Above 200mph everything becomes a bit of a blur. We’d love to tell you what the crescendo of wind noise sounds like or how the steering wheel tugs from side to side, but the truth is you are concentrating so hard on staying straight that you forget to take it all in. What we can reveal, though, is that the new Bugatti Veyron Vitesse - the world’s fastest roadster - makes 200mph seem ridiculously easy.
Finding somewhere big enough to stretch the Vitesse’s legs is a challenge in itself. Our high-speed run was on a banked oval track with straights measuring 2km – but even when we had to back off the throttle at 205mph, the Vitesse still had so much more to give. With the roof removed top speed is limited to 233mph and with the panel in place that rises to 255mph. Keep the throttle pinned and the Vitesse will slurp 100-litres of super-unleaded in 10 minutes.
Based on the Grand Sport, it gets the more powerful 1,183bhp 8.0-litre W16 quad-turbo engine from the Super Sport coupe. But despite having 196bhp more the Grand Sport, it actually takes a tenth of a second longer from 0-62mph. That’s because it features four larger turbochargers that take a fraction longer to spool up and deliver their full force. When they do, though, the slug of acceleration takes your breath away.
Squeeze the throttle and there’s a slight pause before the turbos light up, the exhausts let out a Jurassic Park roar and you’re snapped back in your seat. Lift off the accelerator and there’s an almighty hiss as the waste gates release the built-up pressure – in terms of noise it’s the polar opposite to a highly-strung Ferrari V12.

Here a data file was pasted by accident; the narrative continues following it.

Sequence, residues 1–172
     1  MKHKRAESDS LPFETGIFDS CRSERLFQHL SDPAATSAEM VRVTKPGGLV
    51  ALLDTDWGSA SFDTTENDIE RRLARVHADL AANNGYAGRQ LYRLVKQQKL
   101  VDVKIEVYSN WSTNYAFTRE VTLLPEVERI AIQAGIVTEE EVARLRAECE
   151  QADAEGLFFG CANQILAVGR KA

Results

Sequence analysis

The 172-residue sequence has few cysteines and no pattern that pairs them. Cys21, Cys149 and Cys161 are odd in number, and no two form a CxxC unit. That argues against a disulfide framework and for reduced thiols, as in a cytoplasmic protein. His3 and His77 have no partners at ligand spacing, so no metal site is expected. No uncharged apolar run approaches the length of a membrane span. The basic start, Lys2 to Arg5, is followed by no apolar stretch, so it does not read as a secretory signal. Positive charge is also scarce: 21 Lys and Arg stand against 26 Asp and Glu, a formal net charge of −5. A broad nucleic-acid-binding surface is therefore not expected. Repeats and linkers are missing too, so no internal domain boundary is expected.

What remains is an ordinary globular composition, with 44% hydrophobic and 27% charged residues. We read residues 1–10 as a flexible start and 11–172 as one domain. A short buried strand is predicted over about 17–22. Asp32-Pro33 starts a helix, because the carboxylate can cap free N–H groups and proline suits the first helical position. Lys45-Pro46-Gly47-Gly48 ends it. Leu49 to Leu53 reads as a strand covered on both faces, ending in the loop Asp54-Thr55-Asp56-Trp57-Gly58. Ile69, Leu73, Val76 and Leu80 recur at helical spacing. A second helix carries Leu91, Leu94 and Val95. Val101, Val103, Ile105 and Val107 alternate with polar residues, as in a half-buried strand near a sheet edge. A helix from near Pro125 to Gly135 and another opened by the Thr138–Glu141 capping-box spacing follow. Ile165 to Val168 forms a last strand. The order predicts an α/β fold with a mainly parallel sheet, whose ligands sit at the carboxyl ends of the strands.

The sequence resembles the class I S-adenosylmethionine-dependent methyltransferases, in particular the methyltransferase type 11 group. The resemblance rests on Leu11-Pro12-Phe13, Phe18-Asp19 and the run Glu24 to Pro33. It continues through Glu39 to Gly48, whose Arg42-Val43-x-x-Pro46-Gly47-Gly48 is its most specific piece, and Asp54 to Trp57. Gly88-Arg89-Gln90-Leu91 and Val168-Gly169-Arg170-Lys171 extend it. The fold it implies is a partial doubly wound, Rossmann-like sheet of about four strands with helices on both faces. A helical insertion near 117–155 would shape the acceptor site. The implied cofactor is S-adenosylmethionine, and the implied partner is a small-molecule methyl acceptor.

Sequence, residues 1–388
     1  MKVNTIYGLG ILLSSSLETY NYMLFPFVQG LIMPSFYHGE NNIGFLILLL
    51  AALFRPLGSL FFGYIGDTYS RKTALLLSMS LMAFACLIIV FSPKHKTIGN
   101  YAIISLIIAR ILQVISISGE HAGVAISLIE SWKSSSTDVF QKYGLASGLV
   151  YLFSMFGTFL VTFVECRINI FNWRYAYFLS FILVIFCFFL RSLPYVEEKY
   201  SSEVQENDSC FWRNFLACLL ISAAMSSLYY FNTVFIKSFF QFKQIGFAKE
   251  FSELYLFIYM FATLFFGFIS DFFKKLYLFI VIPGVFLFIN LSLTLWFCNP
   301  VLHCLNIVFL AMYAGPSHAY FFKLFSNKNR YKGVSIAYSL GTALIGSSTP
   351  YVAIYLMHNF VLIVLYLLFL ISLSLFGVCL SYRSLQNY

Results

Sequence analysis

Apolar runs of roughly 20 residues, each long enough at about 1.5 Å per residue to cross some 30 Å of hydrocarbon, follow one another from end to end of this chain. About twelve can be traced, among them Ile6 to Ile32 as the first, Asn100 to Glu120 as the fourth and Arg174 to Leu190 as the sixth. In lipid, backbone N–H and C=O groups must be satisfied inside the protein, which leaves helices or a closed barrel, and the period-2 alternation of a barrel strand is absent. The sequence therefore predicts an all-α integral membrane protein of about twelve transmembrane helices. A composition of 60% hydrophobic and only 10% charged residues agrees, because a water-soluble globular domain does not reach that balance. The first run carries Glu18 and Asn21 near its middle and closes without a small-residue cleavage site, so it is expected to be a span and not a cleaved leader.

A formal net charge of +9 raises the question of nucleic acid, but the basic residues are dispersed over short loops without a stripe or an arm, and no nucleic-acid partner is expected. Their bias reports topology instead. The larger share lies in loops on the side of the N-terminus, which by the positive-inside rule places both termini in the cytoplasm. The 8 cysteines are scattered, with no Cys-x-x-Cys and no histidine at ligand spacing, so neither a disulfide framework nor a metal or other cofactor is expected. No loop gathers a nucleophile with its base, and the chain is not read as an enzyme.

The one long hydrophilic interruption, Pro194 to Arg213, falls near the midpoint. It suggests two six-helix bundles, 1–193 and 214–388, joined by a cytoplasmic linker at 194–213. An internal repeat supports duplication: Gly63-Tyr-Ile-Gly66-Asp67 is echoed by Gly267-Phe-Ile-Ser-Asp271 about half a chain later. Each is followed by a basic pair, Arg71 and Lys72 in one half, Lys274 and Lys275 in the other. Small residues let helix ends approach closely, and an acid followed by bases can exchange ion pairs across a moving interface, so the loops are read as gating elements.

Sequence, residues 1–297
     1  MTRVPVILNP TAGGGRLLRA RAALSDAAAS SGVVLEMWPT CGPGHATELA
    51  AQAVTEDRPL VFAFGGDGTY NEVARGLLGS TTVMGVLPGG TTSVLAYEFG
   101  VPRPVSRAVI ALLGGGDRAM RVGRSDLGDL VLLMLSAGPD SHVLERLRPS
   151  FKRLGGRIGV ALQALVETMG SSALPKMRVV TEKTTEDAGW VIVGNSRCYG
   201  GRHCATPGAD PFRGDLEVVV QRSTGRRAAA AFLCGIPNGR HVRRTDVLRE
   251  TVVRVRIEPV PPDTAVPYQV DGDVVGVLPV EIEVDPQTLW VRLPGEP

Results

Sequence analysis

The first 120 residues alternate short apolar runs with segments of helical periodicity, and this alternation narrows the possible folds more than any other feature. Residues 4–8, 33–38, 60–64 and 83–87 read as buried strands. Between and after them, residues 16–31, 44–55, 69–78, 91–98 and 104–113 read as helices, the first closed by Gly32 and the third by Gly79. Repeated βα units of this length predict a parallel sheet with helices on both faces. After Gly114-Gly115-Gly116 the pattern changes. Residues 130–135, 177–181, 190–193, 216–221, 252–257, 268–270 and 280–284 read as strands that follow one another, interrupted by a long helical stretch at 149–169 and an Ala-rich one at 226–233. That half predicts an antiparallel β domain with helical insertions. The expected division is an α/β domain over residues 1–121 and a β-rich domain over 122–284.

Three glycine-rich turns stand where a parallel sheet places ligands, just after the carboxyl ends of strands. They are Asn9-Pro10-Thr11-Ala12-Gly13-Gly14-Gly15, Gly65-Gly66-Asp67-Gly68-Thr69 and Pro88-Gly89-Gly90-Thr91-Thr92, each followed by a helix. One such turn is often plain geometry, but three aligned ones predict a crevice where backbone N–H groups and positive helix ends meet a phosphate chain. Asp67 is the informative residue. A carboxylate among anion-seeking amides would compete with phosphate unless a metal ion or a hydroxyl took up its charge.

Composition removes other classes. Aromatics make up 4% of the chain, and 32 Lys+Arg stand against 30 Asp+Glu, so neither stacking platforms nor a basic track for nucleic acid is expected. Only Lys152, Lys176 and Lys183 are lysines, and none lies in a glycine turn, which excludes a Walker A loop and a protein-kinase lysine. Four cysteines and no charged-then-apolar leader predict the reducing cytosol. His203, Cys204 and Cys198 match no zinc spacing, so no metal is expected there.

Drag your attention away from the engine and you discover the Vitesse isn’t just about straight-line speed – there’s a delicacy to the way it drives. The steering is light and precise, but weights up nicely as you increase the steering angle, while new softer spring and dampers mean it rides well, even on poor surfaces. The DSG gearbox - made by British firm Ricardo - costs Bugatti 90,000 Euros each and work smoothly in auto and manual modes – quite an achievement when there’s 1,500Nm of torque to contain.
Pile into a corner too fast, which is all too easy to do, and there’s no hiding the Vitesse’s two-tonne weight. Employ the mammoth carbon-ceramic brakes early enough, though, and the car scythes through corners without a hint of roll. And with all that grip from the four-wheel-drive system, you can jump back on the throttle earlier than you think and catapult down the next straight.
In terms of engineering, the attention to detail beggars belief. Small scoops on the back of the wheel spokes saves 500 grams of weight per corner, the spoiler angle changes by four degrees when you remove the roof because of slight changes in aerodynamic behaviour, and if you want to make an attempt on that 255mph top speed you, need to insert and twist a separate key.
That drops the suspension by 50mm, retracts the rear wing and performs a series of safety checks on the car’s vital statistics. Even the airbag mechanism is mounted on a spring inside the steering wheel to damp any vibrations before they reach your fingertips.
The sticking point is the £1.6m asking price – that’s double what the Veyron cost when it first arrived in 2005. Is the Vitesse worth that amount? Of course not, but what makes it such a phenomenon is that it manages to harness such a monster power figure and make it just as useable for popping to the shops as it is blasting to 200mph and beyond.